She will always be associated with that word “disco,” but Donna Summer floated far above it.
The word “disco” came to be associated with polyester suits, mirrored balls and incessant, interchangeable songs that thumped along to a rhythm that could be played and sung by anyone, as long as the groove kept you on the dance floor.
For the smoother among us, it was an opportunity to show off sophisticated dance moves with a partner—forever memorialized in “Saturday Night Fever.” Hustle, anyone?
Most of us have disposed of the polyester, the platform shoes and all photographic evidence of the clothes we wore in that era (tossed, donated or burned)—almost as if we were in a Witness Protection program hiding from the past.
But while the rest of us could get rid of the evidence, Donna Summer was always lashed to disco, even after disco became a national embarrassment.
The Disco Queen, as she was frequently called, died Thursday after a long bout with lung cancer, although she had continued performing until recently.
While disco was dropped like a bad habit by so many, Summer’s death has prompted fans and critics to re-evaluate the value of the genre and Summer’s contribution to it—particularly her contribution to the musical forms and performers who followed in her footsteps, from Lady Gaga to Beyoncé.
“I think that Summer stands out by herself, because at the time of her emergence there were few artists, black or white, whose sexuality was so palpable to their artistry,” said Mark Anthony Neal, an African and African American Studies professor at Duke University who is also considered a pop culture expert.
“Summer was the perfect artist for an era defined by the so-called sexual revolution,” he said. “In this regard, there are really no contemporary artists who can compare; they are freed to push sexual buttons, because of the ground Summer broke nearly four decades ago.”
But it was that sexual image that also made Summer uncomfortable in later years, to be remembered largely for her sexuality rather than the power of her voice and her songwriting. She never ran away from her role in disco, but she also didn’t hype it.
She really wanted to be remembered as a musician and vocalist.
Richard Harrington, an entertainment writer who formerly worked for The Washington Post, said Summer was the victim of typecasting as a “disco diva,” the same way some actors are typecast into certain kinds of roles.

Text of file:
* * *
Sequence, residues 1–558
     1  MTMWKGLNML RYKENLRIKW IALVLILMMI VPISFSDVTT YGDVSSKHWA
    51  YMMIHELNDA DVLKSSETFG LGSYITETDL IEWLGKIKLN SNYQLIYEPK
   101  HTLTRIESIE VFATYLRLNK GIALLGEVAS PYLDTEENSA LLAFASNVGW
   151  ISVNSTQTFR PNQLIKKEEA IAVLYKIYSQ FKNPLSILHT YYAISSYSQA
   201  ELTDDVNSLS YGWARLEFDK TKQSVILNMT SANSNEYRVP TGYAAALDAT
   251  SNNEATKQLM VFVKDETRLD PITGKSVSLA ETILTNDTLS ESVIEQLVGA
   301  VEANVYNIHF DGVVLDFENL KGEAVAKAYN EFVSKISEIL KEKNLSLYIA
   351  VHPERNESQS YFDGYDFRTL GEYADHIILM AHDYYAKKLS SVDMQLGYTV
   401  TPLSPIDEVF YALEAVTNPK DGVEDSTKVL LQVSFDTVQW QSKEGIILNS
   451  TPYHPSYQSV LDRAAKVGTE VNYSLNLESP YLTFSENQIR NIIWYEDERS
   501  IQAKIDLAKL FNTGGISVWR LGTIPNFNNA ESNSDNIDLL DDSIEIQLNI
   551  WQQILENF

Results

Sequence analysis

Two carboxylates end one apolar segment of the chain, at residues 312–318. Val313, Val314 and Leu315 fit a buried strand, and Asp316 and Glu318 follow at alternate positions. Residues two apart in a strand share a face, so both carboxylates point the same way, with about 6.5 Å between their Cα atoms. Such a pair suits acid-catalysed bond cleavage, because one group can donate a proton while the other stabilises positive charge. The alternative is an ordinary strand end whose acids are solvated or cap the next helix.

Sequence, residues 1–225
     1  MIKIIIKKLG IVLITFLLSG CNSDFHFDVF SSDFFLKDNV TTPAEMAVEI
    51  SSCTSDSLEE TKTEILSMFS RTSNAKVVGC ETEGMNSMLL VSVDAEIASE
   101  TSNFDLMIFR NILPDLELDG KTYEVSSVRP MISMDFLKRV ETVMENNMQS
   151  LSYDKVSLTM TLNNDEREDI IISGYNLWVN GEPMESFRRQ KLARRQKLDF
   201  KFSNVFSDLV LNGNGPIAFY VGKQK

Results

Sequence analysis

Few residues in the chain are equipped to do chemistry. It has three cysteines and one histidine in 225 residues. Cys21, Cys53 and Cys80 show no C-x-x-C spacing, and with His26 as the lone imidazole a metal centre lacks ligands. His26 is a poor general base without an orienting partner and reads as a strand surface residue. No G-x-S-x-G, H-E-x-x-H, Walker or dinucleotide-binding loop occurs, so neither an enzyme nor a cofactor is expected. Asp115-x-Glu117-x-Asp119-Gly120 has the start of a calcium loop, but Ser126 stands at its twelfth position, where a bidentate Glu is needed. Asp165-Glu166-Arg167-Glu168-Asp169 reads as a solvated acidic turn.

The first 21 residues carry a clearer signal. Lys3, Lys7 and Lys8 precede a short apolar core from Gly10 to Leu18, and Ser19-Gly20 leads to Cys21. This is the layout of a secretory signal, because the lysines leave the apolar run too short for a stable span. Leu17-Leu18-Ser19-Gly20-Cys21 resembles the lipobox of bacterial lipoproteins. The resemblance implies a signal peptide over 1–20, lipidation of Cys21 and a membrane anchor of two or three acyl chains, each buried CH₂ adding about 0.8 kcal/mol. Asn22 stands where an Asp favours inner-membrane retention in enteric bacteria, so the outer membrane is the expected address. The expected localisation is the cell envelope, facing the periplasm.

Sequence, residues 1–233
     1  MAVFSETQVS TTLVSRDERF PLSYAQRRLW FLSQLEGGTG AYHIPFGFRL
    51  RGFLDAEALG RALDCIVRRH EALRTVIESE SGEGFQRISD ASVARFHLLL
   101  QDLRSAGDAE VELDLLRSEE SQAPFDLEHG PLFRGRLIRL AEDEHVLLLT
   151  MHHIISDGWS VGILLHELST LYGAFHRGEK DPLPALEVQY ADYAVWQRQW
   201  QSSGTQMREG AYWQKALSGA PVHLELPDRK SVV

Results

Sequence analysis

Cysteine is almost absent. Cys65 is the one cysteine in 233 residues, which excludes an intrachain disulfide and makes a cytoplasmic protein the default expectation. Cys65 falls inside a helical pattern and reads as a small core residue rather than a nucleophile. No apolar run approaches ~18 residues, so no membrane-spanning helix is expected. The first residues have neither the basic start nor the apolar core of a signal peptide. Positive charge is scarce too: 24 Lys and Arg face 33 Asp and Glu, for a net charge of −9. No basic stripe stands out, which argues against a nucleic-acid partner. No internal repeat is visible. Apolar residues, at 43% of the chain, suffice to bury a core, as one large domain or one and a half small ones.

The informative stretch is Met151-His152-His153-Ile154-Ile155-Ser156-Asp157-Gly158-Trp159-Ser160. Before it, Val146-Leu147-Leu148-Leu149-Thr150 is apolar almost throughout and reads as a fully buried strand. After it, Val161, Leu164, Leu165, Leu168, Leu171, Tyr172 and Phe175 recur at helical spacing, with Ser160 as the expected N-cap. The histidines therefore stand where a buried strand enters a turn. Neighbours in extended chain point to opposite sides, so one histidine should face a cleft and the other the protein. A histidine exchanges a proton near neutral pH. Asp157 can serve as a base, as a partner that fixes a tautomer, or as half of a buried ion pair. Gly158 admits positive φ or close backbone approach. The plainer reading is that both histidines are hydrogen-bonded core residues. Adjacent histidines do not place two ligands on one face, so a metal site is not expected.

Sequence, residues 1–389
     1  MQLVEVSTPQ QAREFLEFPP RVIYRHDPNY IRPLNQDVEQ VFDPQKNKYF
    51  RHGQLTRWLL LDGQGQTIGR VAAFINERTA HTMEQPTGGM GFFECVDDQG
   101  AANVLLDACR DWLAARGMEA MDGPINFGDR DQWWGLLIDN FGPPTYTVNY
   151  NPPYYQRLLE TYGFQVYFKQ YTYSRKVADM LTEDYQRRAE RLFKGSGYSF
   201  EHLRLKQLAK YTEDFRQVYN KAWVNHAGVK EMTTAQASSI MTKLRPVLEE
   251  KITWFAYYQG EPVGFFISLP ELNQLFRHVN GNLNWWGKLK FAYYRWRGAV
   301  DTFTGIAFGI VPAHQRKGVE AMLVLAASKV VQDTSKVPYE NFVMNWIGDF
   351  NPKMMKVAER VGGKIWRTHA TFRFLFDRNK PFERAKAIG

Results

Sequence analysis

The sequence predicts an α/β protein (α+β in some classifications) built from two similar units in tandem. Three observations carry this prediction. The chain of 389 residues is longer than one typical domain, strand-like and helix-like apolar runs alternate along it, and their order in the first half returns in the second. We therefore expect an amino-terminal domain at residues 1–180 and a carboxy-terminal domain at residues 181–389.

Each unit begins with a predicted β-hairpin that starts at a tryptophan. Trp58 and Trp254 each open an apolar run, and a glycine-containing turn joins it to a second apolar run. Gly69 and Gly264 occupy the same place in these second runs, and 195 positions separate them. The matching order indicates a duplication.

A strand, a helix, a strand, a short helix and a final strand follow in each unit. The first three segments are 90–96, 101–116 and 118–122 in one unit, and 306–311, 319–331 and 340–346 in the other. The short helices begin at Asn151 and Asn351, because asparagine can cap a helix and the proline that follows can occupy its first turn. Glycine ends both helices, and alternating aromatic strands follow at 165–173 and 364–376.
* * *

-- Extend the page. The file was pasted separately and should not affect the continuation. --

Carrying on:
He also blamed the backlash against disco, which resulted in it being treated less like a genre of music than a phase to be trashed and dismissed, for keeping Summer and her music from being appreciated for its impact on dance music.
“If they had just called it dance music, but calling it disco locks you into the ‘70s,” Harrington said. “Even the Grammys for a long time had a disco category but dropped it in the ‘80s.”
Others, however, were entranced by Summer’s powerful vocals and her lyrics, which celebrated all kinds of women, from streetwalking “Bad Girls” to waitresses who “Work Hard for the Money.”
“…she was always the protagonist, never the victim,” Washington Post columnist Eugene Robinson wrote Thursday about Summer.
Fan Kimberly Varner said she loved everything about Summer.
“She was beautiful, brown like me, and made me feel as though I could sing her songs…JUST like her! That’s a big deal for a little girl singing into a make-believe microphone! Somehow, my best friend and I felt and understood what she and Barbara Streisand were singing in ‘Enough is Enough,’ although we had no personal experience with relationships and hurt at such a young age,” Varner said in an email interview.
“Did I ever lose interest? Not consciously. I just think as time and music progressed, I didn’t tap into her newer music anymore. Thinking about her today and how she was such a fun part of my childhood, makes me wonder, what other artists and music am I missing from that era? It’s time to step back and tap into my online music site.”
Like so many artists who break ground, Summer’s contributions were largely recognized after her musical heyday.
Varner said Summer’s death made her realize “we need to celebrate our icons while they’re living.”
Jackie Jones, a veteran journalist and journalism educator, is director of Jones Coaching LLC, a career transformation firm.